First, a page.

News Tribune: Missouri Supreme Court launches bicentennial website celebrating courts

News Tribune: Missouri Supreme Court launches bicentennial website celebrating courts. “The new website, which features interactive timelines, offers users a chance to explore the early days of Missouri’s courts, discover how the courts expanded to address the state’s increased case volume, learn about additional changes in the 20th century and explore how Missouri’s courts reorganized to better serve citizens. Its final timeline on the judiciary’s much more recent history examines how embracing new technologies are helping the courts improve their service.”

Branson News: New non-profit launches to support Branson’s music and theatre industry

Branson News: New non-profit launches to support Branson’s music and theatre industry. “Officially formed in September 2020, the Branson Academy for the Advancement of Music and Theatre was created in response to recommendations made by Sound Diplomacy, a consulting organization who completed a nine-month theatre industry study of Branson last fall. BAAMT President Bob Nichols said after the study was presented to the city of Branson, he was contacted by members of city leadership for assistance…. To go alongside their marketing efforts, Nichols said BAAMT is also working on a video archive project.”

KNSS: Historic maps digitized for the 200th anniversary of the Santa Fe Trail

KNSS: Historic maps digitized for the 200th anniversary of the Santa Fe Trail. “A collection of historic trail maps has been digitized and is available online in time for the 200th anniversary of the Santa Fe Trail…. The historic Santa Fe Trail marked its beginnings when William Becknell’s trading expedition left Boonville, Missouri, on September 1, 1821, for Santa Fe, Mexico. The expedition followed days after Mexico separated from Spain’s 300-year rule. The Santa Fe Trail became the primary trade route between the new nation of Mexico and the United States.”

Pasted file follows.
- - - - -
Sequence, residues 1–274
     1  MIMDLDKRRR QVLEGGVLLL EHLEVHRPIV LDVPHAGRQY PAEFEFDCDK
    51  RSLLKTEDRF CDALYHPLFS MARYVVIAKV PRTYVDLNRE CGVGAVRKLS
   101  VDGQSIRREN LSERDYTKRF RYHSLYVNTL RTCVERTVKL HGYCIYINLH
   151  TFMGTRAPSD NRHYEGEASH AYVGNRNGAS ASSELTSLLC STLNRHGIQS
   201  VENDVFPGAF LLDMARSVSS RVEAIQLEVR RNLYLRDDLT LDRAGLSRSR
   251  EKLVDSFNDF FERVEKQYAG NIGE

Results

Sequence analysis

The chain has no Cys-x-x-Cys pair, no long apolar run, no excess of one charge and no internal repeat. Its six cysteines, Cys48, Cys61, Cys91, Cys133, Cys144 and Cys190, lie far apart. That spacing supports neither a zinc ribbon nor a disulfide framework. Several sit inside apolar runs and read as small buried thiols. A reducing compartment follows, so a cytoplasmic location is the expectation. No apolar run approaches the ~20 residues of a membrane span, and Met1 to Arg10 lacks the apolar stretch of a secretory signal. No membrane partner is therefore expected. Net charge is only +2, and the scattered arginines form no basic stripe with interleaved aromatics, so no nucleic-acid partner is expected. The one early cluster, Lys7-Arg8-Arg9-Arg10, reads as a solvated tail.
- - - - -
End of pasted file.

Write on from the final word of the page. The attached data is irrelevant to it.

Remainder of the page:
University of Missouri System: A New Online Exhibit Brings Insight Into The 1968 Kansas City Uprising

University of Missouri System: A New Online Exhibit Brings Insight Into The 1968 Kansas City Uprising. “Eight Days in April recalls the events of the 1968 Uprising in Kansas City through photos, audio, and video found directly on the online exhibit and through links to additional sources. This most recent iteration of the exhibit paints a picture by highlighting Kansas City’s past policies on segregation, and builds a timeline depicting the events leading up to and during the Uprising.” I didn’t know anything about this part of Kansas City’s history. KSHB has an extensive article.

Missouri Secretary of State: Ashcroft Proudly Announces State Archives “Virtual Tour” – an Online Video for Missouri Third and Fourth Grade Students

Missouri Secretary of State: Ashcroft Proudly Announces State Archives “Virtual Tour” – an Online Video for Missouri Third and Fourth Grade Students. “Today Secretary of State Jay Ashcroft announced a new video available online for Missouri’s third and fourth grade students, providing them a virtual tour of the Missouri State Archives.”

KCUR: All Of Missouri Painter George Caleb Bingham’s Work Will Soon Be Free To The World Online

KCUR: All Of Missouri Painter George Caleb Bingham’s Work Will Soon Be Free To The World Online. “Missouri painter George Caleb Bingham shaped the way the nation saw life on the frontier. His work spanned politics, civil war discord and rowdy riverboatmen, and his genre paintings of 19th century river life are in many major national art collections. Within the next three years, all of Bingham’s nearly 600 known paintings will be accessible online and freely available to the public.”

Kansas City is buzzing: explore it with Google Arts & Culture (Google Blog)

Google Blog: Kansas City is buzzing: explore it with Google Arts & Culture. “If you’re parched for more historical information about this Midwestern metropolis, here are seven things you can now discover on Google Arts & Culture—no speakeasy password required for entry. Today, Kansas City is a place where BBQ smoke rings meet finer things, where contemporary creatives cross cultural icons and where architectural treasures are housed in vibrant neighborhoods.”